that orbits are elliptical.

  • 1610 Galileo Galilei discovers

the phases of Venus, and

Jupiter’s moons, strengthening the heliocentric viewpoint.

T o most people in mid-15th

century Europe, questions

about Earth’s place in

the cosmos had been answered in the 2nd century by the Greco-

Egyptian mathematician Ptolemy, who had modified ideas first put forward by Aristotle. These ideas placed Earth at the center of the cosmos, and they carried an official stamp of approval from the Church. Yet the first convincing challenge to this orthodoxy was to come from a figure within the Church, the Polish canon Nicolaus Copernicus.

A stationary Earth

According to the version of the

universe described by Aristotle and Ptolemy, Earth was a stationary point at the center of the universe, with everything else circling around it, and stars were fixed in a large, invisible, distant sphere, which rotated rapidly

around Earth. The sun, moon, and planets also revolved at

different speeds around Earth. This idea of the universe seemed like common sense. After all, one only had to stand outside and look up at the sky, and it appeared obvious that

34 THE COPERNICAN MODEL IN CONTEXT KEY ASTRONOMER Nicolaus Copernicus (1473–1543) BEFORE c.350 bce Aristotle places
34 THE COPERNICAN MODEL IN CONTEXT KEY ASTRONOMER Nicolaus Copernicus (1473–1543) BEFORE c.350 bce Aristotle places

Of all discoveries and opinions, none may have exerted a greater effect on

the human spirit than the doctrine of Copernicus.

Johann von Goethe

34 THE COPERNICAN MODEL IN CONTEXT KEY ASTRONOMER Nicolaus Copernicus (1473–1543) BEFORE c.350 bce Aristotle places
34 THE COPERNICAN MODEL IN CONTEXT KEY ASTRONOMER Nicolaus Copernicus (1473–1543) BEFORE c.350 bce Aristotle places

Earth stayed in one place, while everything else rose in the east, swung across the sky, and set in the west. Furthermore, the Bible seemed to state that the sun moves, whereas Earth does not, so anyone who contradicted this view risked being accused of heresy.

Nagging doubts

The Earth-centered, or geocentric, model of the universe had never convinced everyone—in fact, doubts about it had surfaced from time to time for more than 1,800 years. The most serious

Nicolaus Copernicus

Nicolaus Copernicus Nicolaus Copernicus was born in Torun, Poland, in 1473. From 1491 to 1495, he

Nicolaus Copernicus was born in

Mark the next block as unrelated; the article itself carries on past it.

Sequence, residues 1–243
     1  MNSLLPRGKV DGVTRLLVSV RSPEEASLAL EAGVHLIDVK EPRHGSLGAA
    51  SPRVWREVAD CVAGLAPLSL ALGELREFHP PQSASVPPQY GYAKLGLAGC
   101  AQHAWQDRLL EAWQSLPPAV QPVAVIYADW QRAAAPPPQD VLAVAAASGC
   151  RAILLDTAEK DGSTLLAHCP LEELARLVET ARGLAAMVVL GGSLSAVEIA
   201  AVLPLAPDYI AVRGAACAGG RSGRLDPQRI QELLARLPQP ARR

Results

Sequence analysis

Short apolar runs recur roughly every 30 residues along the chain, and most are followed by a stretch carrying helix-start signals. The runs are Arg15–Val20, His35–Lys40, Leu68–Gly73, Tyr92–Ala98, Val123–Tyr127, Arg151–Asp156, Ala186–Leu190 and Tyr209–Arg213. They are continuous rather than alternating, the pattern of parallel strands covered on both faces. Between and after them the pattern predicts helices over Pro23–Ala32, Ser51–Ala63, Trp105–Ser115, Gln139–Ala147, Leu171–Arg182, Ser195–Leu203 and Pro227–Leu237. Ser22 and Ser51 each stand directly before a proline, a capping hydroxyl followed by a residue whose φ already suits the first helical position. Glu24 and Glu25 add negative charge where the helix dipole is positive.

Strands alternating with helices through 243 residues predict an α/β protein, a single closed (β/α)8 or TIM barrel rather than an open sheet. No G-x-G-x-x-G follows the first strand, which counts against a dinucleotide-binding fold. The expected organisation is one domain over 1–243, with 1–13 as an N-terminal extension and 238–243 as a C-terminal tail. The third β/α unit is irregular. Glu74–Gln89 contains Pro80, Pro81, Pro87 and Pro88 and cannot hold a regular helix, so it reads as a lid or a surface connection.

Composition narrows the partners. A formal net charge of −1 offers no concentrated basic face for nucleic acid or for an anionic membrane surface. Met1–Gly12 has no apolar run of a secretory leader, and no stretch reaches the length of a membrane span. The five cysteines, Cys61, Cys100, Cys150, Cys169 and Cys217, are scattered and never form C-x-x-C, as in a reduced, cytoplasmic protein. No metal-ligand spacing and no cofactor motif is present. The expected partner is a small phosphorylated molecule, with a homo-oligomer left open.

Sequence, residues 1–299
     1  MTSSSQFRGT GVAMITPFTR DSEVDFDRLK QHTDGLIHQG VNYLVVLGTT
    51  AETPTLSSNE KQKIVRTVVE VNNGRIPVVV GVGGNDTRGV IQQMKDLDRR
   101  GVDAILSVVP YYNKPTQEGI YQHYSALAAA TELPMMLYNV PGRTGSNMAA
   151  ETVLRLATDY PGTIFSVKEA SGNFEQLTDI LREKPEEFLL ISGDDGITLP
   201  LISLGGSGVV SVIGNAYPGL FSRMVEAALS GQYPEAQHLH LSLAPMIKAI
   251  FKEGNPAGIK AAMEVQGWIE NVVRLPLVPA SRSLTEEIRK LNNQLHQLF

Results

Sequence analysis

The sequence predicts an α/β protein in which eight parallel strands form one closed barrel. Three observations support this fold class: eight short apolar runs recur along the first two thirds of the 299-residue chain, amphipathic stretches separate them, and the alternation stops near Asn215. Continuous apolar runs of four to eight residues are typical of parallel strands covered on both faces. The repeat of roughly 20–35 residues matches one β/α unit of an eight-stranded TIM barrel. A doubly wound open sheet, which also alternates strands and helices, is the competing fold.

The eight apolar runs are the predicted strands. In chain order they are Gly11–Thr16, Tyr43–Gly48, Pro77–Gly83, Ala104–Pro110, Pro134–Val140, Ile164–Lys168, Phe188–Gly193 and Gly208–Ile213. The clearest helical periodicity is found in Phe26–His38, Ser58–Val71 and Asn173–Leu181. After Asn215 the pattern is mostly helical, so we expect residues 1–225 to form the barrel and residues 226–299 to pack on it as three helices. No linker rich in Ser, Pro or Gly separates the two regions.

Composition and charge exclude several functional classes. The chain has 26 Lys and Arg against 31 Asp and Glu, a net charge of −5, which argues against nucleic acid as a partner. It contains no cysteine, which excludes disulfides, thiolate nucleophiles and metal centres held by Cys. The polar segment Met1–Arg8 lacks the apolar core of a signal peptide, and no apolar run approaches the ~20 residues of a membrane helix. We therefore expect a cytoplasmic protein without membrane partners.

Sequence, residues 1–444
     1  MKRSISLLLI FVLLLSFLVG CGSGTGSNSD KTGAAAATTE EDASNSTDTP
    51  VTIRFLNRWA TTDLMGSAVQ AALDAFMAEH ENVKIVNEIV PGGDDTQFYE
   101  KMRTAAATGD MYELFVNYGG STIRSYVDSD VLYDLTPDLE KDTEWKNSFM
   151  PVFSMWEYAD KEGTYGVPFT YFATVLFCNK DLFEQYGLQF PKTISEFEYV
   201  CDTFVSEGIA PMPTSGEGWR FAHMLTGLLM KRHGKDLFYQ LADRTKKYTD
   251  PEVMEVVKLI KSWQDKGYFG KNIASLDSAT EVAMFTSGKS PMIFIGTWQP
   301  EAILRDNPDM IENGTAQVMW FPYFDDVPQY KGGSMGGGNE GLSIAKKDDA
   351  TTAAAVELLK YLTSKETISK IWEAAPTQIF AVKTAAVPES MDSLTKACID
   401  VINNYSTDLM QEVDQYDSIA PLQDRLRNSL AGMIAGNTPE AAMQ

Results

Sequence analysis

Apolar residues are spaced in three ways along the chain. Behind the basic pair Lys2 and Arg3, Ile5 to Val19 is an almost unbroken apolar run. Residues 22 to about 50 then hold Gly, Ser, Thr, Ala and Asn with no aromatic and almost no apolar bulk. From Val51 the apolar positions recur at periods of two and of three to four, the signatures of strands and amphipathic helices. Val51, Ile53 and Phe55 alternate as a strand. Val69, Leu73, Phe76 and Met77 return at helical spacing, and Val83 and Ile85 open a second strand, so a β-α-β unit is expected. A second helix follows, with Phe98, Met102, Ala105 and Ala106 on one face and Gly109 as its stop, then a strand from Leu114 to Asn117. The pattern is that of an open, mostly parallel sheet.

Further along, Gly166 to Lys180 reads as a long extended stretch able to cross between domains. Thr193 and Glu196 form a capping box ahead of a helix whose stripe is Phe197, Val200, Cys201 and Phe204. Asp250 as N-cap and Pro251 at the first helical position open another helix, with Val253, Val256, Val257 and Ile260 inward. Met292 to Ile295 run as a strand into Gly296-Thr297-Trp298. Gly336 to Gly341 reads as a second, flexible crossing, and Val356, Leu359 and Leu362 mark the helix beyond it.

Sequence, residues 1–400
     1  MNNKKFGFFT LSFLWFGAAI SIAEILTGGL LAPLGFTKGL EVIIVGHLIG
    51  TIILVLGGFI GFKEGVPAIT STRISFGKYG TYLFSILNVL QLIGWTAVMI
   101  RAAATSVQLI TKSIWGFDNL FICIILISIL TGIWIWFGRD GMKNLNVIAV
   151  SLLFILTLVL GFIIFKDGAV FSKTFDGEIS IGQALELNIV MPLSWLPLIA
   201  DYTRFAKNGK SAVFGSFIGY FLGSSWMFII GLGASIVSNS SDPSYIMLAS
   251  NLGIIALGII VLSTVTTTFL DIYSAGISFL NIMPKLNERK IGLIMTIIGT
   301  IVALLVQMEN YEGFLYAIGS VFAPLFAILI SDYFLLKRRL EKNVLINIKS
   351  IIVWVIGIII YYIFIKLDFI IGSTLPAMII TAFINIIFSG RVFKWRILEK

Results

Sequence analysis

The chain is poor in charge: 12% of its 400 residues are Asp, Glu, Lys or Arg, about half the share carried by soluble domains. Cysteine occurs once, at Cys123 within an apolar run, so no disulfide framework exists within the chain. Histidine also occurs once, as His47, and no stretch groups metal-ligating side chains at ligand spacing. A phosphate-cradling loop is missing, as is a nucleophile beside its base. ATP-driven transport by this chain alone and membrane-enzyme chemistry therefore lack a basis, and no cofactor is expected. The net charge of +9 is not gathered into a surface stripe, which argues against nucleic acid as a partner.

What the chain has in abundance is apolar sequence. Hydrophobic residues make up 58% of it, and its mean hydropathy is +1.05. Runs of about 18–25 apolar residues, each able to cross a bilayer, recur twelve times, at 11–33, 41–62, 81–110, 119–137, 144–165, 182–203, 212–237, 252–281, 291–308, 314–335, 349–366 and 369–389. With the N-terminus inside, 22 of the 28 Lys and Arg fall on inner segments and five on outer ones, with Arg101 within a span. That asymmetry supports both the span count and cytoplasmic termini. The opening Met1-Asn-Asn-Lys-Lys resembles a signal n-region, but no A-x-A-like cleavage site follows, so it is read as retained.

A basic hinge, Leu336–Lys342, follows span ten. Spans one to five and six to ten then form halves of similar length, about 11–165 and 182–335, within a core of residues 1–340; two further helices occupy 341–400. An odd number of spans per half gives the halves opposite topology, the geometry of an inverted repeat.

Torun, Poland, in 1473. From 1491 to 1495, he studied mathematics, astronomy, and philosophy at the University of Kraków, then from 1496, canon (religious) law and astronomy at the University of Bologna, Italy. In 1497, he was appointed canon of the cathedral of Frombork, Poland, a post he retained for life. From 1501 to 1505, he studied law, Greek, and medicine at the University of Padua, Italy. Subsequently, he returned to Frombork, where he spent much of the rest of his life. By 1508, he had begun

developing his sun-centered model of the universe. He did not complete this work until 1530, although he did publish a summary of his ideas in 1514. Realizing that he risked being ridiculed or persecuted, Copernicus delayed publishing the full version of his theory until the last weeks of his life.

Key works

  • 1514 Commentariolus

  • 1543 De revolutionibus orbium

coelestium (On the Revolutions of the Celestial Spheres)

FROM MYTH TO SCIENCE

35

See also: The geocentric model 20 Early heliocentric model 21 Consolidating knowledge 24–25 The Tychonic model 44–47 Elliptical orbits 50–55 Galileo’s telescope 56–63 Stellar aberration 78 Al-Battani (Directory) 334

concern related to predicting the movements and appearances of the planets. According to the Aristotelian version of geocentrism, the planets—like all other celestial bodies—were embedded in invisible concentric spheres that revolved around Earth, each rotating at its own steady speed. But if this were true, each planet should move across the sky at a constant pace and with an unvarying brightness—and this wasn’t what was observed.

Ptolemy’s fixes

The most glaring anomaly was Mars, which had been carefully observed in ancient times by both the Babylonians and the Chinese. It appeared to speed up and slow down from time to time. If its movements were compared to those of the rapidly rotating outer sphere of fixed stars, Mars usually moved in a particular direction, but occasionally it reversed direction— a strange behavior described as “retrograde motion.” In addition, its brightness varied greatly over the course of a year. Similar, but less dramatic, irregularities were also observed in the other planets. To

FROM MYTH TO SCIENCE 35 See also: The geocentric model 20 ■ Early heliocentric model 21
FROM MYTH TO SCIENCE 35 See also: The geocentric model 20 ■ Early heliocentric model 21

In so many and such important

ways, then, do the planets bear witness to the Earth’s mobility.

Nicolaus Copernicus

FROM MYTH TO SCIENCE 35 See also: The geocentric model 20 ■ Early heliocentric model 21
FROM MYTH TO SCIENCE 35 See also: The geocentric model 20 ■ Early heliocentric model 21

Ptolemy tried to fix some of the anomalies in Aristotle’s geocentric model by proposing that each planet moved in a small circle called an epicycle. Each epicycle was embedded in a sphere called a deferent. Each planet’s deferent rotated around a point slightly displaced from Earth’s position in space. This point, in turn, continuously rotated around another point called an equant. Each planet had its own equant.